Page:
The paper goes on: "It must be borne in mind that the ultimate objective of the UN Framework Convention on Climate Change, adopted at the Earth Summit in 1992, is the stabilization of greenhouse gas concentrations in the atmosphere at a level that would prevent dangerous [human-induced] interference with the climate system. As weather-related natural disasters become much more frequent and ferocious -- just as global warming experts were predicting more than a decade ago -- it has become increasingly clear that the overall reduction of 5.2 percent, agreed under the Kyoto Protocol in December 1997, will go nowhere near achieving this goal. But it would," the editorial adds, "at least represent a small step in the right direction."
The paper also says: "The EU's insistence at The Hague meeting on the vital need to protect Kyoto's environmental integrity -- in the face of a seemingly endless search by the United States and others for loopholes to evade their own commitments to cut emissions -- is what led to the summit's collapse. Yet the EU, which was genuinely anxious to make progress, can hardly be blamed for sticking to its principles. As Klaus Toepfer, executive director of the UN Environment Program, said afterwards: 'It is better to suspend the talks and resume later to ensure that we find the right path forward rather than take a hasty step that moves us in the wrong direction.'"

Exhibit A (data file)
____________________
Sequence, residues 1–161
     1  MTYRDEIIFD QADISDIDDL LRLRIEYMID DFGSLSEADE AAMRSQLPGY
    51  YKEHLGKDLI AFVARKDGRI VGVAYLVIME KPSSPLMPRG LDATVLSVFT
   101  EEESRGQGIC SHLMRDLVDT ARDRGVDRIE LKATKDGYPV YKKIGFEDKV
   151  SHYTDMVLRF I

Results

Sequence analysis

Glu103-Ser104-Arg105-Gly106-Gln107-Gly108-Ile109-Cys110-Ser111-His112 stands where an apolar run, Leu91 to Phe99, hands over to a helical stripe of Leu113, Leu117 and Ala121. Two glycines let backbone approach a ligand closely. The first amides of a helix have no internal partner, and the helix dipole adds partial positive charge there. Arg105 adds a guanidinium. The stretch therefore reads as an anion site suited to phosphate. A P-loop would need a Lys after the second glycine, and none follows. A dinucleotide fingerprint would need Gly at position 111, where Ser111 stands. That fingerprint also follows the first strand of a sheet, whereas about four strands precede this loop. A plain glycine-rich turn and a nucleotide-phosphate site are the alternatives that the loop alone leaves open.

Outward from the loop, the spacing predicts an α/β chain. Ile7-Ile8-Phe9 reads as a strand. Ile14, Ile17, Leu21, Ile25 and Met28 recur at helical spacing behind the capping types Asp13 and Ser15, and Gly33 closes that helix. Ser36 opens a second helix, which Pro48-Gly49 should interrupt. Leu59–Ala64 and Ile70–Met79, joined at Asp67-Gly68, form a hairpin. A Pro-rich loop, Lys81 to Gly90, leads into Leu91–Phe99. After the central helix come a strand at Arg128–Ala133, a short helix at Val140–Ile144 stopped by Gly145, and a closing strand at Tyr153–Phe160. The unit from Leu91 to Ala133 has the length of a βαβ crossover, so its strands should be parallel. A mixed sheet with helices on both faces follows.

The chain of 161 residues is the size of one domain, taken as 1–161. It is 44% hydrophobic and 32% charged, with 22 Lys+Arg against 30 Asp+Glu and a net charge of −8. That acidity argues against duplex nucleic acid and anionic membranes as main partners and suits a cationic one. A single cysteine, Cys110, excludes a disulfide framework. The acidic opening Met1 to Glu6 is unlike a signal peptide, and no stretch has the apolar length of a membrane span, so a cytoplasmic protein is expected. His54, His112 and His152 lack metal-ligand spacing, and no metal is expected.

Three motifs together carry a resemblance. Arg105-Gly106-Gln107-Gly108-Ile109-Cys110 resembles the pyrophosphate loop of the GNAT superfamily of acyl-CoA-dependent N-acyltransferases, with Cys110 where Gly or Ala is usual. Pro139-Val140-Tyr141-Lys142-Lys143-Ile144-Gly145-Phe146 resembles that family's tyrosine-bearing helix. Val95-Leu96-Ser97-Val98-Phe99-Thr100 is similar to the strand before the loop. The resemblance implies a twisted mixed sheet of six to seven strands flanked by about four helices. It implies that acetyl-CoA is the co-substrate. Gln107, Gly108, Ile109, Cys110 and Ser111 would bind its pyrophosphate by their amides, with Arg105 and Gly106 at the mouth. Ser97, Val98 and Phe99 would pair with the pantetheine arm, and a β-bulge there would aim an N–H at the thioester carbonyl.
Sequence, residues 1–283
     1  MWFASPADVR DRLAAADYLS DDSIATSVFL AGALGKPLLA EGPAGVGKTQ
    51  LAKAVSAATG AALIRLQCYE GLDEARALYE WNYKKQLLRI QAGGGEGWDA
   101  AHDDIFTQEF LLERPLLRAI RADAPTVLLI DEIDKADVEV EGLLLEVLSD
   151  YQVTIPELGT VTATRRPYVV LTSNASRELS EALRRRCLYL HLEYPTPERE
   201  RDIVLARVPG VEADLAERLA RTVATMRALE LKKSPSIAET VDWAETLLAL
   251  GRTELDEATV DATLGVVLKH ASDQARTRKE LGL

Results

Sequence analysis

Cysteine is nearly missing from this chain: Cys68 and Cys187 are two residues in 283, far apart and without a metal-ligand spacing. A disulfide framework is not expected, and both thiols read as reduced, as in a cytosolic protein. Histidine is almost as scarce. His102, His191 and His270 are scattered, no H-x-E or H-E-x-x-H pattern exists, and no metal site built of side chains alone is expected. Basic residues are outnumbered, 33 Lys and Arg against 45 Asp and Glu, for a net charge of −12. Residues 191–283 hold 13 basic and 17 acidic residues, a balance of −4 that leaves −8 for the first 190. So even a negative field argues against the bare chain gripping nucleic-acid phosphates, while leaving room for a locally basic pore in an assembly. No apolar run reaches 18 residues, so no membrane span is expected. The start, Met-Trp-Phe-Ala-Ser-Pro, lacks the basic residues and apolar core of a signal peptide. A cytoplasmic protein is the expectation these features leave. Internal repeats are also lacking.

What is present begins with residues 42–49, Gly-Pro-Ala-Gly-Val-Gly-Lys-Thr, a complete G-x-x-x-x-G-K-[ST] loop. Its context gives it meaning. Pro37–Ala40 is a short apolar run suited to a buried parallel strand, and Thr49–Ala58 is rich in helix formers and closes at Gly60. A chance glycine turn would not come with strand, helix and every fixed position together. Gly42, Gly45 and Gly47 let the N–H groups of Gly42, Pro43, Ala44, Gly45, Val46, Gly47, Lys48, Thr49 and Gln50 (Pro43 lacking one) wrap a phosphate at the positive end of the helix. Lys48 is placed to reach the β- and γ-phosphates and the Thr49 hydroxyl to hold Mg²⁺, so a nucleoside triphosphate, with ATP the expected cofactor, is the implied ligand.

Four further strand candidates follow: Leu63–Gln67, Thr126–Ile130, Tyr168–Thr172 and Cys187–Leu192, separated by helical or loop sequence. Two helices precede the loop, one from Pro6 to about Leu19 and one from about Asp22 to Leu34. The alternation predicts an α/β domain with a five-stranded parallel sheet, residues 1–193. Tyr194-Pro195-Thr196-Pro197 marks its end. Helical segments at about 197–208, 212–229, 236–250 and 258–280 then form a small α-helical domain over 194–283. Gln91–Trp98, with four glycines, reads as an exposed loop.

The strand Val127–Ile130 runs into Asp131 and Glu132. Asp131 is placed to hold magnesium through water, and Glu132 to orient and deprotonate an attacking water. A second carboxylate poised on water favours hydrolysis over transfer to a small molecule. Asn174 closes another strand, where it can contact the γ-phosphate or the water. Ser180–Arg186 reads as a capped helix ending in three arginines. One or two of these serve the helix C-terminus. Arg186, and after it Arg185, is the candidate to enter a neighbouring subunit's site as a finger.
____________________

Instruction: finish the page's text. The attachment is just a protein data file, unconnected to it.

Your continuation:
Spain's El Pais daily notes that whatever the cause of the debacle, planet earth is the loser: "Basically," the paper writes in its editorial, "the discrepancies between the U.S. and the EU concerning the reduction of greenhouse gas concentrations were the cause for the failure of the UN summit on climate change. [We] are all losers in this certified failure in The Hague. The problem of climate change is as real as it is threatening and the confrontation with it is a fundamental responsibility of the planetary powers. In The Hague, again, a conflict of interests has been an obstacle for us to be able to challenge the circumstances."
Finally, writing in France's provincial Journal Sud-Ouest, Pierre Verdet calls the conference in The Hague a "worrisome failure." In a commentary, he puts the blame squarely on the United States, writing: "It was evident from the start that due to the tragi-comic episode of the American elections, no accord would be reached at The Hague. The Americans, not satisfied with being the greatest polluters of the planet and having greatly increased their greenhouse gas emissions since (the previous climate change summit in) Kyoto, could not let a new accord be signed without knowing whether Al Gore or George W. Bush would be their new president."
Verdet concludes: "All the rest is just a horse-trading game dominated by a single obsession among representatives of the industrialized states: not to slow economic development and not to put into question our current means of transportation."
(RFE/RL's Aurora Gallego contributed to this report.)